1. When a patient fails to ventilate or oxygenate adequately, the problem is caused by pathophysiological factors such as hyperventilation.

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1 Chapter 1: Principles of Mechanical Ventilation TRUE/FALSE 1. When a patient fails to ventilate or oxygenate adequately, the problem is caused by pathophysiological factors such as hyperventilation. F REF: Introduction 2. One of the most common causes of increased airway resistance is COPD. T 3. Airway resistance varies directly with the diameter of the airway or ET tube and inversely with the length. F 4. Low compliance measurements are usually related to conditions that increase the patient s functional residual capacity and total lung capacity. F 5. When looking at the pressure-volume loop, a shift of the slope toward the pressure axis indicates a decrease in compliance. T MULTIPLE CHOICE 1. One of the most frequent uses of mechanical ventilation is for the management of postoperative patients recovering from. a. apnea and impending respiratory arrest b. anesthesia and medications c. acute severe asthma and heart failure d. acute brain injury and flail chest B REF: Introduction 2. Normal airway resistance in healthy adults is between 0.5 to cm H 2 O/L/sec. a. 1.5 c. 2.5 b. 2.0 d. 3.0 C 3. Based on Poiseuille s Law, the work of breathing increases by factor of when the radius (r) of the airway is reduced by half its original size. a. 8-fold c. 13-fold b. 10-fold d. 16-fold D Copyright Cengage Learning. All rights reserved. 1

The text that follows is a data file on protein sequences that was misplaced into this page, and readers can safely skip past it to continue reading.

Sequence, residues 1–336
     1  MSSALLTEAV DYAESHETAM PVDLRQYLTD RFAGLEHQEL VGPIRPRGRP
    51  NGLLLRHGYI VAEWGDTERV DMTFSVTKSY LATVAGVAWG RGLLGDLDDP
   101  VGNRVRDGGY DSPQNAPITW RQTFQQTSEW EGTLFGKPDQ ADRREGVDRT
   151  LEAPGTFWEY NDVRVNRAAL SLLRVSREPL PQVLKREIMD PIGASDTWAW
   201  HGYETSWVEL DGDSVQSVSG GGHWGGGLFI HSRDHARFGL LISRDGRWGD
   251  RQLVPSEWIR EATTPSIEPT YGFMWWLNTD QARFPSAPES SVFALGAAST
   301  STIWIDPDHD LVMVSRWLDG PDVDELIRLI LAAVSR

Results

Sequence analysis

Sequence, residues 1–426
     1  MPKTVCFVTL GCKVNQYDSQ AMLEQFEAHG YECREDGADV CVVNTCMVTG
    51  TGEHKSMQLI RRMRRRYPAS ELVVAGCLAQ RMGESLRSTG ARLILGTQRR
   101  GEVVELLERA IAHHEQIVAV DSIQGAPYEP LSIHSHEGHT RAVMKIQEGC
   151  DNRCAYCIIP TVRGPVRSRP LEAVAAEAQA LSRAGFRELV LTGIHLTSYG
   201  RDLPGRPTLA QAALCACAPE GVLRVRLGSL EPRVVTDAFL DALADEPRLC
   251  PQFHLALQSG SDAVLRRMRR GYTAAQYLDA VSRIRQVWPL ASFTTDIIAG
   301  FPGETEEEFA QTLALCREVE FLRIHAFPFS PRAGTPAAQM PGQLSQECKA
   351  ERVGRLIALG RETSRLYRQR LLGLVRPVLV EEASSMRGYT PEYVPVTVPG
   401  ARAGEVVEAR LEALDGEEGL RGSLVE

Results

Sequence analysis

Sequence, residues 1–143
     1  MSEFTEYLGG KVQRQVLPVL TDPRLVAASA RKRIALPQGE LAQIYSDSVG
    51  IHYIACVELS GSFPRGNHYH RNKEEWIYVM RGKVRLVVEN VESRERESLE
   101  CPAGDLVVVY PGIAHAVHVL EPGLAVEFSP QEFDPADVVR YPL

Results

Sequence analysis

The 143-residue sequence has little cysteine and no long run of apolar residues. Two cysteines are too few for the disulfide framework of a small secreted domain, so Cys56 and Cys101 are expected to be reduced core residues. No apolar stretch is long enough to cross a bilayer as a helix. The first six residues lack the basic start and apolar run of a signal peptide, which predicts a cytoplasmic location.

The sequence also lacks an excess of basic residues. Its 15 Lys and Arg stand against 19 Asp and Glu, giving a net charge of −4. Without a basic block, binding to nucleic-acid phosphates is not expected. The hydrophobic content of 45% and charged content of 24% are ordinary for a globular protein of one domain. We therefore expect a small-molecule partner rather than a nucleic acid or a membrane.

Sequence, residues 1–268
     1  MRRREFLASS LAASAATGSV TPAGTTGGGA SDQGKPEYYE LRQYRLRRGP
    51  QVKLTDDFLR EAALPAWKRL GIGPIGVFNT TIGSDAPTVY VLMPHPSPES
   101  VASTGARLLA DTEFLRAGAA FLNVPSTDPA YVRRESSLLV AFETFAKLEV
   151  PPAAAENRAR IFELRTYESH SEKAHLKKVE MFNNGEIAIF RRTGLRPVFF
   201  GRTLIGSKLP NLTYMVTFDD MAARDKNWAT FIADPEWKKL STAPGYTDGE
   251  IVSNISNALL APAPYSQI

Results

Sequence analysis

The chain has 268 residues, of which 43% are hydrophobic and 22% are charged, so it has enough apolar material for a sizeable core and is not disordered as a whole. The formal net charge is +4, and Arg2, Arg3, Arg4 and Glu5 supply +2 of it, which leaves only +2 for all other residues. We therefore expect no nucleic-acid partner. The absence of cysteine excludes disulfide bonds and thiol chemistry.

2 4. occurs when the patient s minute ventilation cannot keep up with CO 2 production. a. Ventilatory failure c. Oxygenation failure b. Refractory hypoxemia d. Deadspace ventilation A 5. Which of the following is calculated by C = DV/DP? a. oxygenation failure c. dynamic compliance b. static compliance d. lung compliance D 6. For critically-ill patients, the dynamic compliance is between 30 and ml/cm H 2 O. a. 40 c. 60 b. 50 d. 70 A 7. For critically-ill patients, the static compliance is between 40 and ml/cm H2O. a. 50 c. 70 b. 60 d. 80 B 8. Which of the following is defined as wasted ventilation, or a condition in which ventilation is in excess of perfusion? a. ventilatory failure c. refractory hypoxemia b. deadspace ventilation d. oxygenation failure B REF: Deadspace Ventilation 9. occurs when the ventilated alveoli are not adequately perfused by pulmonary circulation. a. Alveolar deadspace c. Physiologic deadspace b. Anatomic deadspace d. Arterial deadspace A REF: Deadspace Ventilation 10. Hypercapnia, which involves an increase in, is the key feature of ventilatory failure. a. PCO 2 c. F I O 2 b. PIO2 d. PaCO 2 D REF: Ventilatory Failure 11. Which of the following is the difference between tidal volume and deadspace volume? a. minute alveolar ventilation c. (V/Q) ratio b. alveolar volume d. physiologic deadspace B REF: Ventilatory Failure 12. The gas diffusion coefficient for carbon dioxide is times greater than that for oxygen. a. 10 c. 17 b. 14 d. 19 D REF: Ventilatory Failure Copyright Cengage Learning. All rights reserved. 2